Do You Remember Me?

(Critical Survey of Contemporary Fiction)

Anyone who has watched a loved one slowly fade away with Alzheimer’s Disease knows how cruel the disease can be, and how difficult life is for the family. But what if the sick person is a parent whom one does not love? How does one get through the challenge and the burden of caregiving if one cannot bring love to the task? Judith Levine, author of Do You Remember Me?: A Father, a Daughter, and a Search for the Self, attempts to think, rather than feel, her way through her father’s illness. As a professional writer, she confronts her situation through reading and writing, finding out everything she can about what science and philosophy have to say about how the brain works and who the self is.

Do You Remember Me? is a journal of sorts, moving chronologically through more than a decade after the first suspicion that Alzheimer’s is the reason for her father’s increasing confusion. Among heartbreaking scenes of weekly father-daughter outings, Levine weaves in family history going back over fifty years of her parents’ political activism, interviews with relatives and old friends, and research on the brain and dementia.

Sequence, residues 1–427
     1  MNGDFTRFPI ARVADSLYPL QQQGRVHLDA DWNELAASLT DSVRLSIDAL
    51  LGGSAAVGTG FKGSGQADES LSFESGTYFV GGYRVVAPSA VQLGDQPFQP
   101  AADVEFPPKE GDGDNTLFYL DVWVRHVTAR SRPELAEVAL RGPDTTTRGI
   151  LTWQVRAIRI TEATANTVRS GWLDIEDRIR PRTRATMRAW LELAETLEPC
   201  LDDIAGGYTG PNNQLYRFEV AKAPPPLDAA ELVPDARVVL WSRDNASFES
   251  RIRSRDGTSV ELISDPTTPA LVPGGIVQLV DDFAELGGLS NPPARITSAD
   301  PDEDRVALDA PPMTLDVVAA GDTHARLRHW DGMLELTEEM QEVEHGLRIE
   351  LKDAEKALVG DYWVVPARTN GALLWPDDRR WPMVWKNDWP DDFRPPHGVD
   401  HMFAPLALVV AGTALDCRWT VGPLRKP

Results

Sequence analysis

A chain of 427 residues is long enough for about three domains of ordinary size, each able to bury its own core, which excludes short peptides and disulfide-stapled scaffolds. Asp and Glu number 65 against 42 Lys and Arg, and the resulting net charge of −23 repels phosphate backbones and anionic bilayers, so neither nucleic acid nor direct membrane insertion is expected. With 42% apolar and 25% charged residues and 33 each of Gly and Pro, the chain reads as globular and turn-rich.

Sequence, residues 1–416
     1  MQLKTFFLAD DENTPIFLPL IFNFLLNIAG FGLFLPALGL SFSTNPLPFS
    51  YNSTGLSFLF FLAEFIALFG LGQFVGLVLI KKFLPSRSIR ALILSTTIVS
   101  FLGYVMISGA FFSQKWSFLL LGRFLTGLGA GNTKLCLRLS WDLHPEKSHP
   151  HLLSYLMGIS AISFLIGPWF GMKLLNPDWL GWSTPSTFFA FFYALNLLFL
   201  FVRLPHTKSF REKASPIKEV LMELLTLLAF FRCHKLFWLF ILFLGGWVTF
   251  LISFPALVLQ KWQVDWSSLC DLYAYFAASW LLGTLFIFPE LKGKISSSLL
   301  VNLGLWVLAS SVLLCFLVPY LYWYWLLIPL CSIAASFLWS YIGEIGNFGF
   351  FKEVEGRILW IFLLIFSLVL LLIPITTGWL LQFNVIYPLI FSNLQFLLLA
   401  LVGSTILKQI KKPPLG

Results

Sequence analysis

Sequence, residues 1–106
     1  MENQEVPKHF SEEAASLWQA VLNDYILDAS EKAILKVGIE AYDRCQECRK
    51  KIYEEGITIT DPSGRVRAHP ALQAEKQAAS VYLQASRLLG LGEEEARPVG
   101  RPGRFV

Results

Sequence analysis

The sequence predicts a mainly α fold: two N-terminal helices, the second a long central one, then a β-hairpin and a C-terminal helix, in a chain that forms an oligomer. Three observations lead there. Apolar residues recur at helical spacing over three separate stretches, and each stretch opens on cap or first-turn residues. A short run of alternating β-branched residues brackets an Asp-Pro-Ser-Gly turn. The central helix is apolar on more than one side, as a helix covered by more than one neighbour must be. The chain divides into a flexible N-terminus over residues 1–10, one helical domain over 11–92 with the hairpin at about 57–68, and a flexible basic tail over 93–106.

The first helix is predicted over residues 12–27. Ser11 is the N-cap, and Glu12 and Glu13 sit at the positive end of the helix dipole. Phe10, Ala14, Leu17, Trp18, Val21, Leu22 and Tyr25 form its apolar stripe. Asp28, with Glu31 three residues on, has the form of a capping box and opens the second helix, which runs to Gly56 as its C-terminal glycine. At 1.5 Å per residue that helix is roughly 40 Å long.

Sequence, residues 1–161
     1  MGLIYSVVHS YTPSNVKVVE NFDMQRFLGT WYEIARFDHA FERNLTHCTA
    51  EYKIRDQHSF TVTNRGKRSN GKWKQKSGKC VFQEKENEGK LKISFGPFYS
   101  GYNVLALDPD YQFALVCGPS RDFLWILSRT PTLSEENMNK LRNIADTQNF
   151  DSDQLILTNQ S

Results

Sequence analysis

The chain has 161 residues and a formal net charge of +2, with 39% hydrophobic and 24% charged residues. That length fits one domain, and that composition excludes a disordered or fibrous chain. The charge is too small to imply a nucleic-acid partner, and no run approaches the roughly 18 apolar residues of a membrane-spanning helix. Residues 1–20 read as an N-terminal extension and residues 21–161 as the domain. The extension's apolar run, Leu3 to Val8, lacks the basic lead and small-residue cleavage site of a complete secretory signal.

Levine is angry toward her father, after a lifetime of arguments and mutual stubbornness. As he fails and she begins to develop sympathy for him, she shifts the anger toward her mother, who after ten years of loyally tending her husband has taken a new lover, and her brother, who has been estranged from the father for many years. The bitter tone underlying the book can be overwhelming and uncomfortable, like overhearing a family quarrel at the next table. There are no easy answers in this book, no lights at the end of the tunnel, no Heavenly reward. This is a book to turn to for information and for truth, but not for hope.